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A rare literary experience of a Nobel Laureate,
By A Customer
This review is from: Ravelstein (Hardcover)
'Ravelstein' is a rare literary experience shared with us by a Nobel Laureate. The main protagonist in this novel, Abe Ravelstein is a university teacher. "He was not one of those conservatives who idolize the free market. He had views of his own on political and moral matters." He has also written a best seller which has made him very rich, at least materially. "He attracted gifted students. His classes were always full up." Despite all these achievements, finally, the death reaches him. He died of AIDS.
Evidently, 'Ravelstein' is based on Allan Bloom who wrote in the late 80s the controversial 'The Closing of the American Mind'. "We live in a thought-world, and the thinking has gone very bad indeed.'' Wrote Saul Bellow, in his foreword to Allan Bloom's controversial book some 13 years ago.
It appears that 'Ravelstein' is rather fragmented frames of Bellow's memory of Alan Bloom. Some readers may find it difficult to understand the meaning of this book. I'm sure the Gay community will label it as an anti-gay novel. I am not sure whether that was Bellow's intention. Does he want us to get deeper insights into the darkness of human nature?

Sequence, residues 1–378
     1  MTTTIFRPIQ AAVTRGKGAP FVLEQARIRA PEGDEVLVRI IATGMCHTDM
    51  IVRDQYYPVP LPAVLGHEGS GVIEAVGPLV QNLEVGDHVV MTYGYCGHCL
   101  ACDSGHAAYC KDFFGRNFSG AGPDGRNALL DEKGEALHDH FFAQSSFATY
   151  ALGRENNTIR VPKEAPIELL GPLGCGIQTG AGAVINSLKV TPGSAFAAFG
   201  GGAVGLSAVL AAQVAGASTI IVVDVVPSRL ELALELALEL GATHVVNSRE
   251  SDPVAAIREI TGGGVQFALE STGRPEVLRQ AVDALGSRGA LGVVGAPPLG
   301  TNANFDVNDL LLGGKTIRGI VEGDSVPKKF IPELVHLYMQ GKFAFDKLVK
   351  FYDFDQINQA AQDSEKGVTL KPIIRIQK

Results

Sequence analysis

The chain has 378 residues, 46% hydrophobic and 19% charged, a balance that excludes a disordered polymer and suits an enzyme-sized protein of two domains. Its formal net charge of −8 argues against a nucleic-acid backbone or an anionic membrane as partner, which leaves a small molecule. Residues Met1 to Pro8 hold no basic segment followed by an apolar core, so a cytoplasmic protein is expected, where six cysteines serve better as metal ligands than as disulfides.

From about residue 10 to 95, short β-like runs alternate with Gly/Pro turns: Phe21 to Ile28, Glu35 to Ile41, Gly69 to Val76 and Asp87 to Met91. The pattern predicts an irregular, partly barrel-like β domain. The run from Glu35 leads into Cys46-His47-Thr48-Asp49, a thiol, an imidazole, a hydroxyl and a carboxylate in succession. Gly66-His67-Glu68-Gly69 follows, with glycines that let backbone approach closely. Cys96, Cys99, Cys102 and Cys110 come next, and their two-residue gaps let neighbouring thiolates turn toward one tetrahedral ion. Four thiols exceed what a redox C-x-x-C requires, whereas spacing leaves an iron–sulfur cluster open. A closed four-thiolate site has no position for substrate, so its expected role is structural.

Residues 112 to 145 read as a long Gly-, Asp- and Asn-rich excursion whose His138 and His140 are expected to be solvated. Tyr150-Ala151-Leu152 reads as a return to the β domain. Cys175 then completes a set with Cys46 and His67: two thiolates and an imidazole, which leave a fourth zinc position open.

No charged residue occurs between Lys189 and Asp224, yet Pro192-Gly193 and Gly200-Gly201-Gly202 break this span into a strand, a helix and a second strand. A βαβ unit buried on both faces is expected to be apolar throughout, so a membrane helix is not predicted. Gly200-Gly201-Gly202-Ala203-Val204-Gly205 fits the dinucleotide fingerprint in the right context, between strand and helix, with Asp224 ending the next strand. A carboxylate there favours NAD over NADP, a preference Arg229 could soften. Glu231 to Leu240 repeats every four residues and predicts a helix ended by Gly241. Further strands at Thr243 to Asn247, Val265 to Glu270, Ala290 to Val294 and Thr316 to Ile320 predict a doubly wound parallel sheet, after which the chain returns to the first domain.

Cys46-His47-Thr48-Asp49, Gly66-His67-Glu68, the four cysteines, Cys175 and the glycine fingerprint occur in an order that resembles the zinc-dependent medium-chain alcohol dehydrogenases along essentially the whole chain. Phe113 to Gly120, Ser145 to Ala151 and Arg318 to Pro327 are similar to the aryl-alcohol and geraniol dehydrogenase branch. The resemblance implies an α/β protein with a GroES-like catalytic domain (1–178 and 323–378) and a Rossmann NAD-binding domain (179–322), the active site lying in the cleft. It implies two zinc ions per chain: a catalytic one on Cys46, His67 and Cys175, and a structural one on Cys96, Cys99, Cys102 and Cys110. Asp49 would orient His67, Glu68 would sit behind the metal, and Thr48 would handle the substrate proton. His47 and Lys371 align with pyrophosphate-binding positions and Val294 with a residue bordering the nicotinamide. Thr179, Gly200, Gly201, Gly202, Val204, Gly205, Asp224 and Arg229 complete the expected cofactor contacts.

One of the most important question about Bellow's 'Ravelstein' is the role of a writer and his ability to pass or not to pass judgements on moral issues or the question of mortality. In this novel Bellow passes a judgement about Ravelstein's "sex habits" in fact, as he calls "reckless sex habits" which I'm sure will not be acceptable to the gay community around the world.
In the novel, Ravelstein questions, "With what, in this modern day democracy, will you meet the demands of your soul?" This is indeed a difficult question to answer. I believe the same may applies to the message Bellow wants his readers to get out of this important novel about an important theme.
In the novel Bellow writes: "It means that writers are supposed to make you laugh and cry. That's what mankind is looking for." This is what exactly Bellow has achieved in 'Ravelstein'.
It is worth reading a great American writer's new novel which is sad and also a witty portrait of an American academic who has been fighting against the vulgarity that has engulfed American life.
"There are things that people should know if they are to read books at all..." wrote Bellow in concluding his introduction to Allan Bloom's 'The Closing of the American Mind'. In my view, 'Ravelstein' is nothing but what Bellow wants his readers to know about some, perhaps dark aspect of American life.